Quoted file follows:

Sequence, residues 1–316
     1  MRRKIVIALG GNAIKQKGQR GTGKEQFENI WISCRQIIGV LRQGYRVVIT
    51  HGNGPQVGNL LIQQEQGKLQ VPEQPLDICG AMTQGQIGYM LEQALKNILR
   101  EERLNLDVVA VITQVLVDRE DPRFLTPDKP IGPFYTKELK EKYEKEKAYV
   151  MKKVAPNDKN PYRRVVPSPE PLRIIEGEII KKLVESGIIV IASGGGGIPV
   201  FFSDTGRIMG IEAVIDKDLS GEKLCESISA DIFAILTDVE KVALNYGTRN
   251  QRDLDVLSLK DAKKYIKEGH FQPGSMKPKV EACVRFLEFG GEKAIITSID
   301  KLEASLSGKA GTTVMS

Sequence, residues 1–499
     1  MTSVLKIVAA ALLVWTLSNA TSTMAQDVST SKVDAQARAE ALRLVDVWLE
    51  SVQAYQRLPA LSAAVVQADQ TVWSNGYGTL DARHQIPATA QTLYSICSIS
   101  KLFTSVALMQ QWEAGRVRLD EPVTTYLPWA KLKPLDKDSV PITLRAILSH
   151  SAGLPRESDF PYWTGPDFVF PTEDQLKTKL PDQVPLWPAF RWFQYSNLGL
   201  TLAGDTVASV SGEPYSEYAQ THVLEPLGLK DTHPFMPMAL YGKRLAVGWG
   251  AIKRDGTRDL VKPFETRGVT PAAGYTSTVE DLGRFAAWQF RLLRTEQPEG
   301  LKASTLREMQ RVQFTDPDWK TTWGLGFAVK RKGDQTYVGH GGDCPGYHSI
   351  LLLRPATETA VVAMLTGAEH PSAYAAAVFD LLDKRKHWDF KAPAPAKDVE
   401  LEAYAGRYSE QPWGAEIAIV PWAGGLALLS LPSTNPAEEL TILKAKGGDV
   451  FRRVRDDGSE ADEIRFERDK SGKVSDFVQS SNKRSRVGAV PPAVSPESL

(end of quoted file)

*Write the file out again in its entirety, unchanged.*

Sequence, residues 1–316
     1  MRRKIVIALG GNAIKQKGQR GTGKEQFENI WISCRQIIGV LRQGYRVVIT
    51  HGNGPQVGNL LIQQEQGKLQ VPEQPLDICG AMTQGQIGYM LEQALKNILR
   101  EERLNLDVVA VITQVLVDRE DPRFLTPDKP IGPFYTKELK EKYEKEKAYV
   151  MKKVAPNDKN PYRRVVPSPE PLRIIEGEII KKLVESGIIV IASGGGGIPV
   201  FFSDTGRIMG IEAVIDKDLS GEKLCESISA DIFAILTDVE KVALNYGTRN
   251  QRDLDVLSLK DAKKYIKEGH FQPGSMKPKV EACVRFLEFG GEKAIITSID
   301  KLEASLSGKA GTTVMS

Sequence, residues 1–499
     1  MTSVLKIVAA ALLVWTLSNA TSTMAQDVST SKVDAQARAE ALRLVDVWLE
    51  SVQAYQRLPA LSAAVVQADQ TVWSNGYGTL DARHQIPATA QTLYSICSIS
   101  KLFTSVALMQ QWEAGRVRLD EPVTTYLPWA KLKPLDKDSV PITLRAILSH
   151  SAGLPRESDF PYWTGPDFVF PTEDQLKTKL PDQVPLWPAF RWFQYSNLGL
   201  TLAGDTVASV SGEPYSEYAQ THVLEPLGLK DTHPFMPMAL YGKRLAVGWG
   251  AIKRDGTRDL VKPFETRGVT PAAGYTSTVE DLGRFAAWQF RLLRTEQPEG
   301  LKASTLREMQ RVQFTDPDWK TTWGLGFAVK RKGDQTYVGH GGDCPGYHSI
   351  LLLRPATETA VVAMLTGAEH PSAYAAAVFD LLDKRKHWDF KAPAPAKDVE
   401  LEAYAGRYSE QPWGAEIAIV PWAGGLALLS LPSTNPAEEL TILKAKGGDV
   451  FRRVRDDGSE ADEIRFERDK SGKVSDFVQS SNKRSRVGAV PPAVSPESL